William Montgomerie

William Montgomerie, aged 61 of North Ayrshire, served 35 years in the forces, beginning his career aged just 15 at the Scottish Infantry Depot in the Bridge of Don before moving onto the 1st Battalion Argyll and Sutherland Highlanders. His service took him to Germany and Cyprus, as well as tours of Northern Island. He finished his service in 1977 and joined the Territorial Army as part of the 23rd Special Air Service Regiment (Reserve).

Monty smiles outside Hawkhead Centre in PaisleyBut he was forced to retire early from service with the Territorial Army, and from his civilian job as a Firefighter at Prestwick International Airport, after suffering a blow to the head by an aircraft door which caused a brain injury, mental health problems, and subsequently a series of heart attacks.

“I was only 43 and I was forced to stop working and to retire from service,” said William. “It was a very dark time. I became very depressed, in part as a direct result of the head injury, and in part because I felt that I was no longer of any use to society. I had gone from working and having the comradery and companionship of the TA to being on my own. The injury also caused me to have flashbacks of the things I’d seen in service – it felt like my head was a malfunctioning junction box.

“I have glaucoma which is stable for now. Before I joined Scottish War Blinded, I had carers and help, but I live alone so I was completely alone for most of the time – my family and friends are mostly abroad. I was receiving help but that stopped due to cuts. I fell through the net and I was very depressed.

“The biggest danger of loneliness is how it makes you feel about yourself. The reality is that you might only speak to your Alexa device for days at a time – wishing her a Merry Christmas and no-one else. It can make you feel suicidal. You’re thinking to yourself, ‘what’s the real reason I’m here? What is the point of my life?’. I think its something a lot of lonely people have to deal with at the moment.”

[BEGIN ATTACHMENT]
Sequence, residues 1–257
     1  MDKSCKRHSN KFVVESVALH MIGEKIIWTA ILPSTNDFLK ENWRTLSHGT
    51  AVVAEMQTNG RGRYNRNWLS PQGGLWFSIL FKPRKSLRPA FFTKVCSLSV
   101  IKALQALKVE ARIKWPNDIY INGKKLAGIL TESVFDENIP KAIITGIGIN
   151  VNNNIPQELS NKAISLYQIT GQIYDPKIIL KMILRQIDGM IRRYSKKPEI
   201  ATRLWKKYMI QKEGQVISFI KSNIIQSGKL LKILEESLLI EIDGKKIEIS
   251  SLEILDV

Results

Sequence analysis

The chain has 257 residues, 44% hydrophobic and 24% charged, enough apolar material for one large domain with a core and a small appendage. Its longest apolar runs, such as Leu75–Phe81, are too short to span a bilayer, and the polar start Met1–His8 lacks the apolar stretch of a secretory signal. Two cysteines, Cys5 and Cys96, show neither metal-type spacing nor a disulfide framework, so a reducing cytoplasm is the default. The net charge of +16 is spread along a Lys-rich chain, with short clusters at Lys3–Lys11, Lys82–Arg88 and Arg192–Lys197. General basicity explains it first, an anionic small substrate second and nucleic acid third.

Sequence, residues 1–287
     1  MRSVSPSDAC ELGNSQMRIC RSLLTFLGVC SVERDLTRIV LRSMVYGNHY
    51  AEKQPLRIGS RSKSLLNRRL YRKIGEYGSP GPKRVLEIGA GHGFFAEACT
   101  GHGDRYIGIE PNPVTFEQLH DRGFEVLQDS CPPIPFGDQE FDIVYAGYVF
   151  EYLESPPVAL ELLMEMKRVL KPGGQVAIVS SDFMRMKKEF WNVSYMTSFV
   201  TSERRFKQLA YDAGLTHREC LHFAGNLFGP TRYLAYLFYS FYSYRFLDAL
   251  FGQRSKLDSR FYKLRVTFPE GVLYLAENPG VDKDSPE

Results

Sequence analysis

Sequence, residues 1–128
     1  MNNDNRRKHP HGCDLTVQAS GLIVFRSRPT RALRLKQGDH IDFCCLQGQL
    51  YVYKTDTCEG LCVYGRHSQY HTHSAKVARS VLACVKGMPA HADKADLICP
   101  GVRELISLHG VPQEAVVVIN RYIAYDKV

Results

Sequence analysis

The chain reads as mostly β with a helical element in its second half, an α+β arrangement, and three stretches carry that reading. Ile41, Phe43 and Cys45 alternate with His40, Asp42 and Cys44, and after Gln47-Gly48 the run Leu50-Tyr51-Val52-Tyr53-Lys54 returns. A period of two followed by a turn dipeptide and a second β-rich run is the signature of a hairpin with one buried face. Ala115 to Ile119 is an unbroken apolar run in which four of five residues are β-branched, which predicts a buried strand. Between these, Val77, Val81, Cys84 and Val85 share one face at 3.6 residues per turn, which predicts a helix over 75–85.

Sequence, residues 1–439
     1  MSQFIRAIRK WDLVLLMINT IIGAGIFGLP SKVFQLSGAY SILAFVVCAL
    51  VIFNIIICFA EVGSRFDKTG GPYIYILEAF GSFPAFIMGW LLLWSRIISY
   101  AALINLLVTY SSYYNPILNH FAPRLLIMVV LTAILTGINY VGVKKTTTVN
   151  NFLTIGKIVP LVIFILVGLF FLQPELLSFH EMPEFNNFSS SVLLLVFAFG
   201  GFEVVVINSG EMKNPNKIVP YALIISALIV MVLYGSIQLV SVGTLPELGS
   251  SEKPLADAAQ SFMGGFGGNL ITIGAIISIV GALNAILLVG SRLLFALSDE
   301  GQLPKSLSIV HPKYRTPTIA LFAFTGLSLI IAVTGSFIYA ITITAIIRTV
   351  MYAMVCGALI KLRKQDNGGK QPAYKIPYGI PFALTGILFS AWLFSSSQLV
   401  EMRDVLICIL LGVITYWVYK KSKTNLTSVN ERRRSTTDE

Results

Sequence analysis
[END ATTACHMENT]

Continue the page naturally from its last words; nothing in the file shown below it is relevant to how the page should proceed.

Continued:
William joined Scottish War Blinded in 2017 and began attending its new activity hub in Paisley, the Hawkhead Centre, after it opened in October. He takes part in activities such as bowling, IT, and exercise classes, as well as learning techniques to cook with sight loss.

He said: “It has changed my life. Having people to socialise with and activities to do makes a real difference and you take that feeling home with you and it lasts you through the week. I miss the comradery and feeling of family of being in the forces and I have found that here. It was like coming home for me.

“I think looking after your mental health has a big effect on your body too. I still have symptoms of angina but my heart feels happier and I feel better in myself. I think coming here and being productive makes people productive at home too – they feel inspired to do things they might not have felt up to.

“It has been great being at the centre from the start because we’ve all gelled so well together, the staff and the members. And we’ve a lot to learn from the staff – but they listen to us too. We’ve got a lot of collective knowledge and the people here have experienced a lot in life so they take our advice.”

William added: “Loneliness needs tackling now and it needs tackling head on – it’s a ticking time bomb affecting so many people. There should be increases from the Scottish Government and the UK government to local authorities to help people cope with loneliness and mental health issues and committee with people from all of the UK governments should get around the same table and tackle the problem jointly so everyone is singing from the same hymn sheet. Someone getting treatment for loneliness in London should get the same service as someone in Aberdeen. If we can do that then we’ll be cooking with gas.

“To anyone suffering from loneliness I would encourage them to get out there as much as they can and try and find a club to join or people to speak to. Doing so really has changed my life.”

 


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